• Jumblepudding

    The problem I saw with midichlorians wasn’t that they were over explanation, it was that it made no bloody sense at all.

  • amphiox

    The problem I see would be, after scripting JF’s questions, how would they script Thor’s answers? (Without the audience collective rolling their eyes and going ‘here we go with the Trek-style technobabble again’).

  • Blake Stacey

    How would they script Thor’s answers? Have him start to answer and get cut off mid-sentence by a giant explosion.

    “Our people discovered millennia ago that what Earth scientists call ‘dark energy’ is really —” boom!

    The potential disaster was that they wanted to have a big fight scene where frost giants would fall off the edge of the planet. Pulled by … what, exactly?

    Narrativium, one presumes.

  • Alpha Omega

    I haven’t seen the movie, but I am a Thor fan from way back, and Asgard has to be a floating mountain — physics be damned! Imposing the laws of physics of this universe on a world of pure imagination is absurd. I look at comics, myths and fantasies as stories from other parts of the multiverse; to require that every universe have laws of physics like this one is not only boring, it doesn’t even make scientific sense!

  • Bob

    Everyone knows a wormhole was what the crew from Stargate used to visit Thor — the Asgard general who was from a race of gray, Roswell-type aliens. But now, I’ll have to see this movie and see which Thor I like better.

  • Zathras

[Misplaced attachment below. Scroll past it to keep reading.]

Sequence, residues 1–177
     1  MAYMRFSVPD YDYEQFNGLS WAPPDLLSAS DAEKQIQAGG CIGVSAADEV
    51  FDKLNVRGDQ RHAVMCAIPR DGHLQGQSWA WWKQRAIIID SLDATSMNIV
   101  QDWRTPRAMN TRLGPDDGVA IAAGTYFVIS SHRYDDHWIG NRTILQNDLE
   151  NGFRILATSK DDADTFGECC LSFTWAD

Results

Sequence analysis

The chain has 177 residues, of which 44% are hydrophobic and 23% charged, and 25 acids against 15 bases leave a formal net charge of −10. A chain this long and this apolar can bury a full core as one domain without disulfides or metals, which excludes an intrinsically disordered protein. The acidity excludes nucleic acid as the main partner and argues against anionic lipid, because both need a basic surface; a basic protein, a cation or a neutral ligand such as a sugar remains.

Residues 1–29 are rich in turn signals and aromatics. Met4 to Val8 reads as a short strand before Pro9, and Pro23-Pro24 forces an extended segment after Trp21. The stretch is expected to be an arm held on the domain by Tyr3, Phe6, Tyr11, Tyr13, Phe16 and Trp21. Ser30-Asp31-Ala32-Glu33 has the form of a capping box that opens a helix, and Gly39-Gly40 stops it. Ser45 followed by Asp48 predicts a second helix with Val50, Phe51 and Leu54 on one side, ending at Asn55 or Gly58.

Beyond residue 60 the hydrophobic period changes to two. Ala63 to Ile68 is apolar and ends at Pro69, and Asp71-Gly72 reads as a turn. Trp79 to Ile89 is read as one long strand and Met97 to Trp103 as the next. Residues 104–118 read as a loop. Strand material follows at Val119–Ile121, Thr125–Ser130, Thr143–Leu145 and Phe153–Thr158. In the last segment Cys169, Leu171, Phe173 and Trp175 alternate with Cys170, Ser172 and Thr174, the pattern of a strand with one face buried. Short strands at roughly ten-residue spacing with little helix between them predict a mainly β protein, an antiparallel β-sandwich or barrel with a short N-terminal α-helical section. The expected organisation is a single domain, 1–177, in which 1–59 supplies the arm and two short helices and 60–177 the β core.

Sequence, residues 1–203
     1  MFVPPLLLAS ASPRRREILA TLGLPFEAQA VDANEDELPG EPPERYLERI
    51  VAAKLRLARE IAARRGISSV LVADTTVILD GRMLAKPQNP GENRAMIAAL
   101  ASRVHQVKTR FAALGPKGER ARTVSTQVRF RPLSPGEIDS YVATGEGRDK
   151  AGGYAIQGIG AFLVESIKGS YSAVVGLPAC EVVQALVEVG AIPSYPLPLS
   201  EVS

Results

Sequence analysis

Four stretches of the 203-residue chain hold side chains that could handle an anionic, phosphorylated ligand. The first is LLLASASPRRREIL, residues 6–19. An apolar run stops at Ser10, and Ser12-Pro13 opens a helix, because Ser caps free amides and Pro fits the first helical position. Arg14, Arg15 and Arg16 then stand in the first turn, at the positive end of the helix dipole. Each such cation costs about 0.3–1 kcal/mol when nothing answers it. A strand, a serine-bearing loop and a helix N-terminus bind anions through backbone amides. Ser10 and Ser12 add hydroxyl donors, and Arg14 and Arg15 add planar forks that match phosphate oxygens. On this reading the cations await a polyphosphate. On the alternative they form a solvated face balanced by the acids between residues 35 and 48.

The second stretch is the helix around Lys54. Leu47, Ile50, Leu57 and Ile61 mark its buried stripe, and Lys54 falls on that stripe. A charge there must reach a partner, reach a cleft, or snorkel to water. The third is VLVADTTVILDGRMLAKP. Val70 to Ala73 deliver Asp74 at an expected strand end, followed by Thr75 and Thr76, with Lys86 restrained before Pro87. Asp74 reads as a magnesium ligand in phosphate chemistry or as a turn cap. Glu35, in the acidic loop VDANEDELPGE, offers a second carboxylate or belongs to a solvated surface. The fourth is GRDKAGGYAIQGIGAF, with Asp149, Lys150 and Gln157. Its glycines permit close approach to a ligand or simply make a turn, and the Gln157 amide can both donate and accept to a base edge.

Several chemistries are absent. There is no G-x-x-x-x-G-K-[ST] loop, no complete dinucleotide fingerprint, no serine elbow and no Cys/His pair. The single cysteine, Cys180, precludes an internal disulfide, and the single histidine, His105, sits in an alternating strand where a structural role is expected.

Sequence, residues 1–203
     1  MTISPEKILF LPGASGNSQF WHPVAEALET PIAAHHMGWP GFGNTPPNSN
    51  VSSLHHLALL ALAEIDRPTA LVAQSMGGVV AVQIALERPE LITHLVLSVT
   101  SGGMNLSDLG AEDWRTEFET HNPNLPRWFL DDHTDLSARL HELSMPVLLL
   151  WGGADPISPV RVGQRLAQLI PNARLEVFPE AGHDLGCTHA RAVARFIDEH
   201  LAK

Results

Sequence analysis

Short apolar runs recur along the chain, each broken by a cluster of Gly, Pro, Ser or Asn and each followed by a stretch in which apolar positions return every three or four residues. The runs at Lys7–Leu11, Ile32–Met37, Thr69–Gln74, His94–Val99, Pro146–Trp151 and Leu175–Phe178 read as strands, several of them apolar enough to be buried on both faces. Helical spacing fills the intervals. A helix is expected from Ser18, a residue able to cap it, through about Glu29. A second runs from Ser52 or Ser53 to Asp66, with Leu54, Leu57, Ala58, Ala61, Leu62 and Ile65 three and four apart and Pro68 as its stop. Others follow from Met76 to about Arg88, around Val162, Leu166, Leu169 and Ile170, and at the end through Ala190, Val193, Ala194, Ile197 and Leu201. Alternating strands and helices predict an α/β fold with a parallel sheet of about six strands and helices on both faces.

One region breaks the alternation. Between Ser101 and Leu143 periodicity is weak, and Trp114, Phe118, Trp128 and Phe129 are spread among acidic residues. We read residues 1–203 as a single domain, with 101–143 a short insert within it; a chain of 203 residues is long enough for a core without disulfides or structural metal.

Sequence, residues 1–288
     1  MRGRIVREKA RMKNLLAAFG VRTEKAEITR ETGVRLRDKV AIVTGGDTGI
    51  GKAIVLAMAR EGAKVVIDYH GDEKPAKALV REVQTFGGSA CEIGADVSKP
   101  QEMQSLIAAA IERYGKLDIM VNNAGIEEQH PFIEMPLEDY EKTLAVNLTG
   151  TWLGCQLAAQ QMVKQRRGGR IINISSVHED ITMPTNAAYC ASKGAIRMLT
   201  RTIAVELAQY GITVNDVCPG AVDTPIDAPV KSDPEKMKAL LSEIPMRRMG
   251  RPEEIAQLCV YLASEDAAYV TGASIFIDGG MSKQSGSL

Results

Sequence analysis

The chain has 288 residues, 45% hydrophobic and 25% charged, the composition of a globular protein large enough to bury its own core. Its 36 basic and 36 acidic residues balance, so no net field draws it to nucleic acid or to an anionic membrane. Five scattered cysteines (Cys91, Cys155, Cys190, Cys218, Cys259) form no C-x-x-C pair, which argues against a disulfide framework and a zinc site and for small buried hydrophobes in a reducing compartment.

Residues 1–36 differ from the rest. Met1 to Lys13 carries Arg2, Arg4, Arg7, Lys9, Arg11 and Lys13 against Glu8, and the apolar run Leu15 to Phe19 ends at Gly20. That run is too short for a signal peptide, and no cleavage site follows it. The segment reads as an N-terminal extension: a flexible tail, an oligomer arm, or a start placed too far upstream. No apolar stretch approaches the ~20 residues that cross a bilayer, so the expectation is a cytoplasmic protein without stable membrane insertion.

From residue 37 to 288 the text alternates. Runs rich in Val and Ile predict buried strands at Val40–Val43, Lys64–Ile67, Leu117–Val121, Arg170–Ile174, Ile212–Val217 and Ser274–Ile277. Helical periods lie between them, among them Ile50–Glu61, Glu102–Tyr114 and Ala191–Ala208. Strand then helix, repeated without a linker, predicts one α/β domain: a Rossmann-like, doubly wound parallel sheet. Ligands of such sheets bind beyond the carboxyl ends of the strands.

That was not GENERAL Thor……He was Supreme Commander Thor (of the Asgard fleet), as he reminded Senator Kinsey. 😉

  • starwed

    Trillian (an astrophysicist) meets Zaphod at a party… although she is unemployed. (Also, at some point in the Hitchhikers continuity, I think she goes out with Thor? I don’t remember it ending especially well.)

  • Thor’s Mamam

    Who gives a shit? It’s mythology. There should be kept a wall between that bullshit and science.

    It’s not interesting at all, it’s just stupid. Just let Thor fuck, kill, eat and sleep in his own delusive peace.

  • Bob

    Hey #8, relax. It’s entertainment. It’s recreation. Nobody thinks it’s real. Have a cold glass of Romulan ale, and you’ll feel better. I’ll buy the first round.

  • Peter Coles

    I’m surprised they didn’t ask Kip Thor to be a consultant….

  • Anchor

    I most certainly would NEVER exchange a perfectly legitimate and serviceable moniker of ‘wormhole’ for ‘Einstein-Rosen Bridge’ (even though they may be identical) on some idiotic and thoroughly obnoxious Hollywooded-mindless motivation by one who, by nothing more than whim masquerading as artistic wherewithal, judges such a thing exclusively by how he thinks it may strategically play according to his take on popular trend.


    That fellow might as well wring his hands over the fact that it is hard to describe ‘curved spacetime’ in any fresh way that doesn’t suggest an injuriously dated throwback to 1920’s. Those guys habitually think their audience to be stupid (it is a real working principle in that industry to successfully “cheat the audience”, which would make every authentic historical master artist turn over in her grave) and thinks it important to set their film apart from others in an attempt to feign originality, and therefore wishes to avoid any discovered realization of a connection to an era when people were, heavens forbid, dancing the Charleston.